When I say "song", I mean the combination of tune and words; and yes I'm probably thinking Ashkenazically here. It seems like any European old-timer I've met knows the "good old fashioned" tune for Psalm 23 (Mizmor L'Dovid, Hashem ro'i lo echsar). How old is that? More generally, what are the oldest songs still popular today?

  • Mentioned previously, but here's a great website for Jewish ethnic music research: jewish-music.huji.ac.il – chaimkut Aug 4 '10 at 12:36
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    This is very bround, and kind of like a list question... – Adam Mosheh Jul 23 '12 at 14:46
  • I'm voting to close this question as off-topic because it seems like a question about the Jewish culture; not the Jewish religion. – mevaqesh Apr 30 '17 at 15:22
  • @mevaqesh Is Jewish culture not on-topic here? I agree with Adam. The VTC reason should be too broad. – DonielF Apr 30 '17 at 17:29
  • @mevaqesh That said, the question's been around since 2010, so maybe we should just leave it alone. – DonielF Apr 30 '17 at 18:08

12 Answers 12


I have heard from my uncle, who has been very active in the Jewish Music industry, that when he played the tune Ashkenazim use for singing the seder (order) of the Seder Night (Kadesh, Urchatz, etc.) for his music professor, the professor exclaimed that the tune was at least 1000 years old.

Then I sang the tune for some sefardic friends who exclaimed that they use the same tune (albeit with some Middle Eastern twists). They sang it and lo and behold it is the same tune Ashkenazim use! Who knows how old that tune is?!

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    You got me intrigued... I found a site that has 3 versions of the Kadesh Urchatz song (artmuz.com/Haga_Tape_MAIN.htm), and I can see how they have some similarity. The common Ashkenazic one is the "Babylonian" version, whatever that means. Do you have any way of finding out the name of the 1,000 year old tune the professor had in mind? – Dave Aug 4 '10 at 2:42
  • The "Babylonian" one is the one my uncle played for his professor. The sefardic one I heard sounds very much like the "Salonika" version. If you listen to the entire Sefardic version you will see they are essentially the same song with different cultural influences. – Yahu Aug 4 '10 at 2:51
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    How exactly did this professor know how old the tune is, though? Musical notation didn't exist 1000 years ago. (And if you'll say that it's because the "Babylonian" one sounds similar to the Ashkenazic one - well, that's not necessarily a proof; there was always at least sporadic contact between the various major centers of Jewry.) – Alex Oct 5 '10 at 15:28
  • You are correct regarding musical notation. it was an estimate based on the cadence (I'm not sure if he meant harmonic or rythmic cadence) and other factors. it seems that there is music out there that there is reliable tradition that it is that old. – Yahu Oct 5 '10 at 22:39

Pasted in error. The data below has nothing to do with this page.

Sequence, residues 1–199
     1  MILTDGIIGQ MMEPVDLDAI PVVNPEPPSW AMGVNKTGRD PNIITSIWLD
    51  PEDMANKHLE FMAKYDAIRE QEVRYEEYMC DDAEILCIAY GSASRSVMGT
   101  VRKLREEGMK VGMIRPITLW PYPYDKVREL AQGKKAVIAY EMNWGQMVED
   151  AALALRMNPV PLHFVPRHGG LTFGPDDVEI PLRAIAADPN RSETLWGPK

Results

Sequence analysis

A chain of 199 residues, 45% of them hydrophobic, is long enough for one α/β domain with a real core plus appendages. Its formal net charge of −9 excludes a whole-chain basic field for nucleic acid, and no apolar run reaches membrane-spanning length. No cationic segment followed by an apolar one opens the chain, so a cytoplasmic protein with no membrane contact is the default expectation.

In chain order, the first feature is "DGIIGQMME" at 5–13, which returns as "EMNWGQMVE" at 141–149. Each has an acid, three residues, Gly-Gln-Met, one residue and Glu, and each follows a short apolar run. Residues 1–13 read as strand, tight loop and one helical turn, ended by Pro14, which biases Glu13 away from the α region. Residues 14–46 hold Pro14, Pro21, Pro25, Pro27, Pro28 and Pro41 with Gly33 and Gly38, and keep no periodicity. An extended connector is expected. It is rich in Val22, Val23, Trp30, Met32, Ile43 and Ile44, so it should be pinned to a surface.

• As to the sporadic contact theory that does not explain its widespread use in both communities. – Yahu Oct 5 '10 at 22:41

Cantor Sherwood Goffin has an excellent article on these ancient "MiSinai" melodies. One example is the tune for Borchu in Maariv during the Yamim Noraim, which is at least 1100 years old!

  • If I'm not mistaken, he has evidence that the tune itself is very old, but how long has it been used specifically for Maariv? (I think he argues "oh the court musicians were Jews so we must have had it first" ... could be, could be not.) – Shalom Aug 3 '10 at 14:31
  • Right; so a handful of tunes used in the davening -- e.g. half-kaddish before Shabbos musaf -- can be tracked clearly to the 1400s. What about non-davening songs? Zemiros, Ani Maamin, Shalom Aleichem, anything like that? – Shalom Aug 3 '10 at 14:32
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    Well, 600 years ain't too bad either. – Dave Aug 3 '10 at 14:50

It may be the Trop we Lain the Torah with.

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    I've seen sources that the Ashkenazic trop is rooted in ancient Greek chromatic scales. – Yahu Nov 2 '10 at 5:37
  • @Yahu - Really? I'd like to see evidence for that. – Adam Mosheh Jul 23 '12 at 14:42
  • Do you have any reason to think the tune might be particularly old? Otherwise this post is next to useless; it might be any tune! – mevaqesh Apr 30 '17 at 15:23

A note in a Moroccan siddur called "Avot uBanim" claims that the traditional Moroccan tune to "Ledavid Baruch A-onai Tzuri," which is recited by most Sepharadim before Arvit on Motzei Shabbat is said to go back to David HamMelech.

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    Yes, I have heard the same thing about the ashkenazi tune for L'dovid Baruch, and that in fact it is very similar to the Sephardi tune, having both originated at a common source. It is commonly sung in Yekki shuls and some Eastern European shuls (particularly in some litvish minyanim in Israel). I'm not sure why the singing of L'dovid Boruch has been completely abandoned in most Ashkenazi shuls today when it is mentioned by the Rema, found in most siddurim, and traditionally sung to one of our most ancient (and in my opinion, beautiful) niggunim. – aaron Jul 23 '12 at 15:05